Function.name returns a readonly name of a function or "anonymous" for closures.

console.log(({}).constructor.name) // returns "Object"
console.log(([]).constructor.name) // returns "Array"
console.log((null).constructor.name) //throws an error because null does not actually have a property

Note: As of 2018, Function.name might not work in IE https://developer.mozilla.org/en-US/docs/Web/JavaScript/Reference/Global_Objects/Function/name#Browser_compatibility


OK, let's give you this concept first before answering your question, in JavaScript Functions are Object, also null, Object, Arrays and even Date, so as you see there is not a simple way like typeof obj === 'object', so everything mentioned above will return true, but there are ways to check it with writing a function or using JavaScript frameworks, OK:

Now, imagine you have this object that's a real object (not null or function or array):

var obj = {obj1: 'obj1', obj2: 'obj2'};

Pure JavaScript:

//that's how it gets checked in angular framework
function isObject(obj) {
  return obj !== null && typeof obj === 'object';
}

or

//make sure the second object is capitalised 
function isObject(obj) {
   return Object.prototype.toString.call(obj) === '[object Object]';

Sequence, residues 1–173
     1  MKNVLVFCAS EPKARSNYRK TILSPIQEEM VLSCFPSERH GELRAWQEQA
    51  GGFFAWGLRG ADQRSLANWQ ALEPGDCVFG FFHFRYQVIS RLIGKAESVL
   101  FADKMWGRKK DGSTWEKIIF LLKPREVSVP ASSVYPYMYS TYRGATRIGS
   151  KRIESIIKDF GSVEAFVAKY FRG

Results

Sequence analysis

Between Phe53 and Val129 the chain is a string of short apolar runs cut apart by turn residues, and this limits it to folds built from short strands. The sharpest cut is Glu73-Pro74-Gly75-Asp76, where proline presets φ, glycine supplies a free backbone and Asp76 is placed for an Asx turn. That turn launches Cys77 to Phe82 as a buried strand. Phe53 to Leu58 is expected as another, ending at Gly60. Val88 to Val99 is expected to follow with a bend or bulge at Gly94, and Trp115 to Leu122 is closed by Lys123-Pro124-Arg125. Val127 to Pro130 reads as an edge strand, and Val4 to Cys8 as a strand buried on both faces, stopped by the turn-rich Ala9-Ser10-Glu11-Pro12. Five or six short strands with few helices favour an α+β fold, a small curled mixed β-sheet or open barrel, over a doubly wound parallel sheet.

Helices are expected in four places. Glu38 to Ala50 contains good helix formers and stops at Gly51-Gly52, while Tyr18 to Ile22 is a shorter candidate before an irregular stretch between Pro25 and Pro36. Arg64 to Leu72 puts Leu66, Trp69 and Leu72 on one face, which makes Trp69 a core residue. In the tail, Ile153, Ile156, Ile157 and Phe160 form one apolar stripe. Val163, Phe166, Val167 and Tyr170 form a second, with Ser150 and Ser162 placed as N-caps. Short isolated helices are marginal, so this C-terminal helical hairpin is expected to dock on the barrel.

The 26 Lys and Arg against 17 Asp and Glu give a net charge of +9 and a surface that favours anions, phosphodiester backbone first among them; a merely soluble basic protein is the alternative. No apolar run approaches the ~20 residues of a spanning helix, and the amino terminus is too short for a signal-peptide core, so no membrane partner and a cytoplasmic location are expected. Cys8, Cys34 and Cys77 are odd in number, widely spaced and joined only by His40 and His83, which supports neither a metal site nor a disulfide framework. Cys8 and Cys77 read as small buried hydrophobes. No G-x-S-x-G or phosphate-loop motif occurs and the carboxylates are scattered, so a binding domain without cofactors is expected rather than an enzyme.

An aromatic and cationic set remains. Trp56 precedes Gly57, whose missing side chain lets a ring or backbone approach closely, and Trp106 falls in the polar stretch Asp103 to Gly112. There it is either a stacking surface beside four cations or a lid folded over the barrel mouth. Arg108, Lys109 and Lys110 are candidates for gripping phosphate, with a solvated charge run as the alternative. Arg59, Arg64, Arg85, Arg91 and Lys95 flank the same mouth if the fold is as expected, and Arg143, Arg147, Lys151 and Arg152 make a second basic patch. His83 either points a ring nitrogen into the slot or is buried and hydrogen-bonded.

}

or

function isObject(obj) {
    return obj.constructor.toString().indexOf("Object") > -1;
}

or

function isObject(obj) {
    return obj instanceof Object;
}

You can simply use one of these functions as above in your code by calling them and it will return true if it's an object:

isObject(obj);

If you are using a JavaScript framework, they usually have prepared these kind of functions for you, these are few of them:

jQuery:

 //It returns 'object' if real Object;
 jQuery.type(obj);

Angular:

angular.isObject(obj);

Underscore and Lodash:

//(NOTE: in Underscore and Lodash, functions, arrays return true as well but not null)
_.isObject(obj);

It depends on what you mean with "is an object". If you want everything that is not a primitive, i.e. things that you can set new properties on, this should do the trick:

function isAnyObject(value) {
    return value != null && (typeof value === 'object' || typeof value === 'function');
}

It excludes the primitives (plain numbers/NaN/Infinity, plain strings, symbols, true/false, undefined and null) but should return true for everything else (including Number, Boolean and String objects). Note that JS does not define what "host" objects, such as window or console, should return when used with typeof, so those are hard to cover with a check like this.

If you want to know whether something is a "plain" object, i.e. it was created as a literal {} or with Object.create(null), you might do this:

function isPlainObject(value) {
    if (Object.prototype.toString.call(value) !== '[object Object]') {
        return false;
    } else {
        var prototype = Object.getPrototypeOf(value);
        return prototype === null || prototype === Object.prototype;
    }
}